Three bells echoed easily over the marshes, and the drizzle that clattered on the Goretex above my face grew discordant and patchy. Enough, I decided, was enough. Unzipping the bivouac bag, I peered out on a sodden field, imagining fallen raindrops mingling with rising dew, as although early June, there was barely any light in the Bungay sky. Under the sleeping sun I loaded up the Brompton bike, ready for the 25-mile journey north-west to Ringland and the River Wensum, the last port of call on my amphibious voyage across East Anglia.
Zipping along lanes that shone in the dawn light, and hanging in the slipstreams of juggernauts and lorries, I rode into the rolling eastern countryside. Whoever said Norfolk is flat obviously never cycled here. Maybe they drove a high-powered Audi, like the business brains that blew by to their breakfast meetings. It’s a shame most of us only get up this early to be somewhere – completely missing not only the most peaceful hours of daylight, but the view of a world ruled by the rabbits that stutter into the road, and the deer shambling from the woods.
A low mist quilted the sleepy fields, the Brompton fizzing through puddles left by the night’s rain. Norfolk may be England’s driest county, yet it harbours the Broads – our largest wetland – and every village has a stream and ford. One of the finest is at Shotesham, where the River Tas spills over a forgotten lane in a hidden valley, and a worn rope swings from a huge horse-chestnut tree. There are many of these little mill pools all over the area, most easily accessible and all with a special charm.
After breakfast on the bridge at 6am, I pedalled onwards to Swardeston, the long ride allowing me time to consider just why I keep returning to Norfolk, again and again. There is always an air of quiet mystery, in a brooding landscape that stands suspended and expectant, as if waiting for action that never quite comes. The houses all wear austere expressions, glaring in frozen menace like a flint and thatch parody of Edvard Munch’s, ‘The Scream’. In its barren emptiness, Norfolk compels us to fill the gaps with our imagination; growing as abundant as the acres of farmland swallowing the wide horizon.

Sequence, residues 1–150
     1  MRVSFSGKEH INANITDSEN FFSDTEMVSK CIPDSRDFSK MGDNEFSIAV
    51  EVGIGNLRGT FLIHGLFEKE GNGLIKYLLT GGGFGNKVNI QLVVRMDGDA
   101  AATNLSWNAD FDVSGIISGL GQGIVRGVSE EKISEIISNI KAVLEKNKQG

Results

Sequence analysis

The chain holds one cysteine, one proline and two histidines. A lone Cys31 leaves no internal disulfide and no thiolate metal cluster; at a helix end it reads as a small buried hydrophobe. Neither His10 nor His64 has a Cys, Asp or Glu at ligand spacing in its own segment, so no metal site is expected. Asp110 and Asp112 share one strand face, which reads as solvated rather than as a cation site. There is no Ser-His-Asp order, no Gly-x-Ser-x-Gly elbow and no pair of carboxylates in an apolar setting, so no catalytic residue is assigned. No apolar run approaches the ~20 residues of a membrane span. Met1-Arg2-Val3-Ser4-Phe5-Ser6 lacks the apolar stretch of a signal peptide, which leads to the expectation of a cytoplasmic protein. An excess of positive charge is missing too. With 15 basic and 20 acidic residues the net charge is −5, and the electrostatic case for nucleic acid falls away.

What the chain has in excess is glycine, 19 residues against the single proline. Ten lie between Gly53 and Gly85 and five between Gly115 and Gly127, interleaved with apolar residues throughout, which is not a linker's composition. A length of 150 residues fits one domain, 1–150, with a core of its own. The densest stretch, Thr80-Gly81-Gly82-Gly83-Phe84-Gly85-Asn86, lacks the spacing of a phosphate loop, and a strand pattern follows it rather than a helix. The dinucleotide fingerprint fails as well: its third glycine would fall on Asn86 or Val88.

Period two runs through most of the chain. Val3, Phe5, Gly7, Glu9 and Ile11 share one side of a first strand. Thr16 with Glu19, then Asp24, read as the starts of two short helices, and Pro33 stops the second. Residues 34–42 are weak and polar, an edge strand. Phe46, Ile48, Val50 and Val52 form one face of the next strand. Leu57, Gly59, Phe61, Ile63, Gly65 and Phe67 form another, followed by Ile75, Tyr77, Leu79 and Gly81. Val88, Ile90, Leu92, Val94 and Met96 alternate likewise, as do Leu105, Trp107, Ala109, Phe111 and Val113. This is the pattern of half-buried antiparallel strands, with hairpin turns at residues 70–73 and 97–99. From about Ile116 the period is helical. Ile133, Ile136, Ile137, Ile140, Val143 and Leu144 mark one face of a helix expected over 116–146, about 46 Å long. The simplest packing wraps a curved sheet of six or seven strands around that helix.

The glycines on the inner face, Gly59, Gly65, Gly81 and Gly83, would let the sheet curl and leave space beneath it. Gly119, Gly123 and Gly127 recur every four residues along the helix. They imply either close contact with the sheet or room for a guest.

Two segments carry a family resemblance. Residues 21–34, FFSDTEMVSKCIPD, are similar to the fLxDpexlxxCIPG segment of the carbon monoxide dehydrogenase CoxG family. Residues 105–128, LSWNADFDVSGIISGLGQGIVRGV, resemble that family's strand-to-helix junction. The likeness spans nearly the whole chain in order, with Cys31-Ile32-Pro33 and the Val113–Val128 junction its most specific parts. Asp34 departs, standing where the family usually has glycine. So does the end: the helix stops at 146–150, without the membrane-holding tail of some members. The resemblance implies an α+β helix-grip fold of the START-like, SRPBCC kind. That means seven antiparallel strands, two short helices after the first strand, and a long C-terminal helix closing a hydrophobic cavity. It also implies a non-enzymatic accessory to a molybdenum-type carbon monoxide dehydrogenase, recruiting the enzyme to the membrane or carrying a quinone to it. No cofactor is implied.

At Cringleford on the very edge of town, I saw my first humans. Perhaps the only thing Norwich has in common with Las Vegas (thank God!) is the stark boundary between country and city, the speed at which rabbits are replaced by rascals, rattling tractors by rattling buses; and soon I was caught in a web of A-roads before escaping onto the ‘pedalways’. Norwich is definitely ‘a fine city’ for cycling, and I traversed the urban sprawl almost entirely on the mini-highways scooting behind the back fences of suburbia.
Rubber-necking the rivers Tud and Yare, I freewheeled to Ringland Common – Norfolk’s Bolton Abbey – inflated the packraft in record time, strapped on the Brompton and paddled off down the Wensum towards its confluence with the Yare – and the 6pm train to Leeds – on the far side of Norwich.
While the Waveney actively welcomes canoeists, the Wensum is less hospitable, though its tranquillity certainly helps bathe the acrimony said to exist between river users. The internet has been a theatre of debate over the right to canoe and fish, and whether ecological intervention is really for the good of the environment. So I kept my head below the greenery, paddling without a splash, and hoped no-one saw. Within moments I was barred by a fallen willow, supine across the stream like a deliberate, impenetrable wall. Searching in vain for a way round – the reedy bank patrolled by a hoard of highly aggressive cattle – it seemed likely I’d have to turn back until an explosion of screeching geese burst into the sky and chased the cows away. Looking anxiously behind, I hauled everything over the log and threw myself back into the raft, a little muddier than before.
There is a real excitement in navigating ‘forbidden’ rivers that makes you feel like a fugitive, or an escaped convict. Scuttling secretively across mill sites and ducking stealthily under trees – a great way to see wildlife – to enter the river in one place and appear in another, like a watery teleportation, is quite thrilling. And there’s the satisfaction of the free ride, as an epiphyte in nature’s saddle, harnessing the forces of our planet in the greenest way.
I paddled through Taverham and rural Costessey – where swimming ladders step from the limpid water – winding on like a kinked rope with the river to Hellesdon, New Mills and Norwich itself. I slipped under bridge after bridge, squeezed tighter in the python-girdle of roads around the city, and still the Wensum ran green and clear, with barely a scrap of litter in sight. I battled heavy downpours, assailed by the sounds of traffic, students, construction workers and bank-side hecklers, onto the Yare and the Broads; paddling against a flooding tide yet propelled on by the homely aroma of Colman’s mint sauce. Exhausted and elated, I landed at a staithe in fashionable Thorpe, rolling away the raft and joining a river of cars to the railway station, and home.
Together with boat, bike and tent, I could easily have explored all summer, along new roads and down silky streams, but for the bowed desk waiting for me in the morning. So after 100 miles, four rivers, one town and one city, I boarded the train with little to do but rest my aching legs, soothe my blistered palms, stare out of the window on the fens and wonder, wistfully; where next?